“The ideal is to have 80% of the calves born at the beginning of summer and the remaining 20% in winter, when the grazing potential of the veld is less,” he explains.

Both artificial insemination and natural mating methods are used.

“Generally, the heifers are mated when they reach a weight of between 320kg and 330kg,
but because we find that most heifers reach this weight at 12 months of age, we’ve shifted our season so that animals are mated between 13 and 14 months. This is normal for the Bonsmara breed, but early compared with other breeds.

“All the heifers are weighed before the mating season, as those that are too small will struggle to calve and won’t have sufficient milk. The heifers are placed with the bulls two weeks earlier than the cows to give them a bit of extra time to be mated.”

He emphasises the importance of the ICP.

“We average 379 days for the herd. This is achieved through selection and takes years to achieve. Our best cow has an ICP of 350 days and she weighed 458kg after weaning her second calf. She has produced three calves and is in calf at the moment. Her first two calves were bulls that weighed 267kg and 345kg respectively at weaning. Her third calf was a heifer of 272kg.”

The herd averages a conception rate of 90%, a calving rate of 88%, and a weaning rate of 87%.

Ample grazing
Kruger’s herd has access to 2 900ha of natural sweetveld pasture that comprises white buffalo grass, bottlebrush grass and red grass. An additional 1 500ha has been planted to dryland blue buffalo grass pasture, as well as Eragrostis under irrigation.

The latter is baled and fed to the herd. The average annual rainfall of between 400mm and 450mm is sufficient to keep the veld in good condition.

The farm also has a cash crop component of cotton and peas, and these plants are baled after harvesting. The cotton is a good source of oil and the peas provide protein.

“We’re fortunate, because even when the veld is dry we have a bank of nutritious, baled feed for the cattle. Our stocking rate of about 4 500ha for 1 700 cattle [2,64ha/1 MLU] is therefore higher than it would normally be. We wouldn’t have been able to achieve that if it weren’t for the additional feed they get from the irrigated pastures and baled feed,” says Kruger.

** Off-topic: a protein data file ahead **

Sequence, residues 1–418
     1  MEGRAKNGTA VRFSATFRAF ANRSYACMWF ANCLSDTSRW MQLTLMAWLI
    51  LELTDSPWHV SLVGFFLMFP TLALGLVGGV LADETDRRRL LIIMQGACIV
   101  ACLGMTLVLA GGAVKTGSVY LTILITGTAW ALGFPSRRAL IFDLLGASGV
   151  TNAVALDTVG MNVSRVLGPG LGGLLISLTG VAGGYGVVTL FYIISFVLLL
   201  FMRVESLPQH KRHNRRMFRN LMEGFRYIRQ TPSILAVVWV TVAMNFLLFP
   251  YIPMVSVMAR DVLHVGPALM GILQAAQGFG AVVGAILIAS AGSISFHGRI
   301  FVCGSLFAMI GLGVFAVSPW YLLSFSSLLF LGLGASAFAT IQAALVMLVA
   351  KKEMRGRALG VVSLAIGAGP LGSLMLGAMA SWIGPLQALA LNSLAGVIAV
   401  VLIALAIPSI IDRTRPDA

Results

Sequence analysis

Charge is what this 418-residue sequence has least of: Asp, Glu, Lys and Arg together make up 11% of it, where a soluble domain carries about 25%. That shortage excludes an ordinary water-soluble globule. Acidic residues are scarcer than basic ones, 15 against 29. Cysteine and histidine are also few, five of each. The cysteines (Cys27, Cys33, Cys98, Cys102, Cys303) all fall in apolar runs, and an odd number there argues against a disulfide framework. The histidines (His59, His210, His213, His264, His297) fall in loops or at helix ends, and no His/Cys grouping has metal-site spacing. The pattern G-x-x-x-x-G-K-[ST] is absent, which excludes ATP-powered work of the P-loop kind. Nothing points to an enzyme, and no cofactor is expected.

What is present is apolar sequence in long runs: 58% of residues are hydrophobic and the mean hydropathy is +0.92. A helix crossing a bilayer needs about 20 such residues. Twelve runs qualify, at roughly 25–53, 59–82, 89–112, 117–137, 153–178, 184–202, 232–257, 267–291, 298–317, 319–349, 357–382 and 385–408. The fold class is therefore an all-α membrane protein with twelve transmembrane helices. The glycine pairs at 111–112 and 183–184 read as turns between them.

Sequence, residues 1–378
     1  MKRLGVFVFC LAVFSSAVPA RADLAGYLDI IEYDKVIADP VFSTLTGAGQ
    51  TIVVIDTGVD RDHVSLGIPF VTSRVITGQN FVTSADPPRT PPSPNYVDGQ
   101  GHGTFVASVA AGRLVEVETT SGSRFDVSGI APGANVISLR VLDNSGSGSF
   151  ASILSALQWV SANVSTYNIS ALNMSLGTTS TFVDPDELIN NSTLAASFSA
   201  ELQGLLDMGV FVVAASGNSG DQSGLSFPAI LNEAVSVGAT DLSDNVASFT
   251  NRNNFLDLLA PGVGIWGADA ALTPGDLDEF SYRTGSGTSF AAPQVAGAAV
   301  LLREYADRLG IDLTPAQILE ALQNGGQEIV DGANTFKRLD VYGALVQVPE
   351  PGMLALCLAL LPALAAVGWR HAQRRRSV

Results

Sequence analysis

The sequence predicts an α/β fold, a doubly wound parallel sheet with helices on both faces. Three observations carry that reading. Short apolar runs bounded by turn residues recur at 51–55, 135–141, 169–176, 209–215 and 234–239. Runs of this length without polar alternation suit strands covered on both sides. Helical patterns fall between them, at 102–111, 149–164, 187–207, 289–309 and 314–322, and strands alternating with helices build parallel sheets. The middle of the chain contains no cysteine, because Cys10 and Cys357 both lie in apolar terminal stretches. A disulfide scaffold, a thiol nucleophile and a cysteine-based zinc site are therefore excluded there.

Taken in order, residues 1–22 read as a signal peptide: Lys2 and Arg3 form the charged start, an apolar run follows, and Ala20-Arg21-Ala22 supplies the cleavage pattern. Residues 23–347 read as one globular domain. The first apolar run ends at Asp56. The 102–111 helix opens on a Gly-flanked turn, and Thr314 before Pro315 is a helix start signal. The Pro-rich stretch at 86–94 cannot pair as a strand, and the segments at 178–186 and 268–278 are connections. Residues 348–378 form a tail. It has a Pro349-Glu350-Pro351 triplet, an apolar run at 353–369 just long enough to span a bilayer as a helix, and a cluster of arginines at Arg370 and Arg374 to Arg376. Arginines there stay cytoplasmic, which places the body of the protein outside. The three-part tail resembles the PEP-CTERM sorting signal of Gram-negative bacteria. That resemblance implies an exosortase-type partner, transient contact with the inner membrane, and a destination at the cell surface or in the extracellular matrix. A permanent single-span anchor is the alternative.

The cattle are divided into groups according to age. The dominant older cows, for example,
are separated into a group of their own.

“If the veld starts to get dry and the dominant cows and heifers are not split from the timid
cattle, the fat, dominant animals get fatter and the thin, timid animals get thinner. The animals are rotated between the camps according to the level of feed available,” says Kruger.

In winter, the cattle feed mostly on the bales and licks.

“In a good year, we don’t have to give them too much additional feed. But during the last two years, with the drought, we had to provide about 7 000 big round bales to the herd.”

The greatest disease challenges are heartwater and catarrhal fever (snotsiekte).

“The farm loses between 15 and 18 animals each year due to snotsiekte, but there’s nothing we can do about it, as there’s a lot of game in the area, so the disease is easily spread,” Kruger says.

He follows a disease programme drawn up specifically for the area. This includes dosing for ticks at least every two weeks in the summer months.

A winning recipe
Breeding animals are sold at the four auctions held on the farm each year. Approximately 25% of the female animals are sold and nearly 100% of the weaner bulls. Kruger says that a large part of his success can be attributed to the fact that he always buys in stud bulls.

“We’re prepared to pay for a good bull. As commercial cattle farmers, we’re essentially meat producers, so we need to produce animals that have a heavy carcass with a high dressing percentage.”

He emphasises the importance of a good reputation.

“It’s important to build up a reputation in the industry if you want to achieve high prices. If we have a cow that was mated with a bull from a well-known Bonsmara stud farmer, then it bodes well for the reputation and quality of our cattle. This has really assisted us in the marketing of our cows.

“At the last auction, the price difference between my cows and the rest was R3 000/head. That’s due to branding and quality. Our reputation is based on persevering in our belief to never breed with our own bulls, but always buy in stud bulls. I believe you lose out in the long run when you start breeding with your own bulls.”

A recent innovation has been to finish off animals in a feedlot on the farm, which has resulted in higher prices.

“We let the weaners graze on the planted, irrigated pasture for between 70 and 80 days. We give them a good lick and then feed them intensively on a high nutrition diet during the last 50 days. In a traditional feedlot, they’d be kept for 120 days on the intensive feeding programme, so with my system I have fewer costs, but still make a very good profit from the finished weaners.”